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No beating about the bush.
State-run oil companies are scouting for partners for technology and marketing support, and are seeking fresh sources for supply of crude oil
Moving beyond the supplier-buyer relationship, India has offered Kuwait a stake in Oil and Natural Gas Corp’s Rs12,440-crore petrochemical plant at Dahej in Gujarat and Indian Oil Corp’s (IOC) proposed chemical unit at Paradip, reports PTI.
The oil-rich nation's national oil firm Kuwait Petroleum Corp (KPC) has time and again spurned offers for stakes in Indian refinery projects as it, like its Saudi counterpart Saudi Aramco, wanted auto fuel distribution rights—a proposition not possible considering only State-owned firms qualify for government subsidies.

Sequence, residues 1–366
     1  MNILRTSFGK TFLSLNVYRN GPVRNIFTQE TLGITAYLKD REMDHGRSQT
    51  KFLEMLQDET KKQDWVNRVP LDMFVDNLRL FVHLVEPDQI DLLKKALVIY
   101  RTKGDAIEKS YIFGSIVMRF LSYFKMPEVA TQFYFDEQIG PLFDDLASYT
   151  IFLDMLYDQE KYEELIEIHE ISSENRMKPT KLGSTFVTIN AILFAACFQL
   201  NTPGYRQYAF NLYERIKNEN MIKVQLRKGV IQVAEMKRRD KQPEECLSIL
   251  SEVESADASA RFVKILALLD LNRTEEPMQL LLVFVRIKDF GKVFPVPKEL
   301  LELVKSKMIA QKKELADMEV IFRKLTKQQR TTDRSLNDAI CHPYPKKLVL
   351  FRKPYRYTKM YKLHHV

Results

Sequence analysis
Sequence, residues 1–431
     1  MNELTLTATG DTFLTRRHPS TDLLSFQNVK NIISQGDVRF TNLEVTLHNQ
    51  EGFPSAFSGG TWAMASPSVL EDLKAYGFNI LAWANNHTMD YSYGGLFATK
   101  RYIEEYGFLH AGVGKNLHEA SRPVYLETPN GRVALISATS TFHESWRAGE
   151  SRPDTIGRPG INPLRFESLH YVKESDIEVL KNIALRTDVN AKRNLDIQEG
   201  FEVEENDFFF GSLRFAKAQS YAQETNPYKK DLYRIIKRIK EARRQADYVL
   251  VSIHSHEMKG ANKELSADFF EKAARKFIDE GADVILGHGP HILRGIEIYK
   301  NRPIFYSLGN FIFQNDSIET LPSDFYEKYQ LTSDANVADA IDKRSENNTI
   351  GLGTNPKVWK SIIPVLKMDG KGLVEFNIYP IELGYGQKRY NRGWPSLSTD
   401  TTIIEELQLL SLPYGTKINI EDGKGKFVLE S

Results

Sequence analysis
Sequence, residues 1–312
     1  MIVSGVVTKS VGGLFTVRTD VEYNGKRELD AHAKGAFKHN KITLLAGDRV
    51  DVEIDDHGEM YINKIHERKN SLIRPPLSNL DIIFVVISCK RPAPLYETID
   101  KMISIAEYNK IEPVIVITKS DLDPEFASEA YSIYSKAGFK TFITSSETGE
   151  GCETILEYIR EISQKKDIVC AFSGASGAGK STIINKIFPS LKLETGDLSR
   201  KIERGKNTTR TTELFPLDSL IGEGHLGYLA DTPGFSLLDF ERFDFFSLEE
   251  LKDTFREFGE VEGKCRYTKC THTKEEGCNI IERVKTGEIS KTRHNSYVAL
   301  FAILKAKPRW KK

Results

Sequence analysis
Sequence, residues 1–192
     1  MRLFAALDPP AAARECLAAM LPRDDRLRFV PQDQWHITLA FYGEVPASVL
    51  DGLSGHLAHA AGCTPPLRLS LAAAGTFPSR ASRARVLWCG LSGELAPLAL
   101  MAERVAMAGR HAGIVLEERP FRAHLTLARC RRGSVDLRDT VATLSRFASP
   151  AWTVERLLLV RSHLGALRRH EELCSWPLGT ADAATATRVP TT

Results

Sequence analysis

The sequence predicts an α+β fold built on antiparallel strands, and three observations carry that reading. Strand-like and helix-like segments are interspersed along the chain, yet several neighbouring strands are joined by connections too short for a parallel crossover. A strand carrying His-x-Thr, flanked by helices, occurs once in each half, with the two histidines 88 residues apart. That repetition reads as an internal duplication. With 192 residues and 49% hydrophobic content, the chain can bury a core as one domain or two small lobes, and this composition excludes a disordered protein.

Petroleum minister Murli Deora met his Kuwati counterpart Sheikh Ahmad Al-Abdullah Al-Ahmad Al-Sabah on the sidelines of the XII International Energy Forum here yesterday and offered a stake in the mega-petrochemical plants being built on the west and east coasts, said Sunil Jain, joint secretary in the petroleum ministry.
ONGC is keen to get an overseas major who can either bring technology or marketing support for its Dahej plant that will be built by February 2012.
IOC has been for long looking at equity partners in companies like Saudi Aramco and KPC, who can supply crude oil to the Paradip refinery project in Orissa.
New Delhi is looking at Kuwait and other oil-rich nations in the Gulf region for meeting crude oil demand from India’s new refinery plants. India's refining capacity is to increase from 180 million tonnes (MT) to 250MT by 2012.
Prime minister Manmohan Singh’s recent visit to Saudi Arabia had yielded an assurance from the world’s largest oil exporter for increasing crude supplies from 25.5MT to 40MT a year by 2012.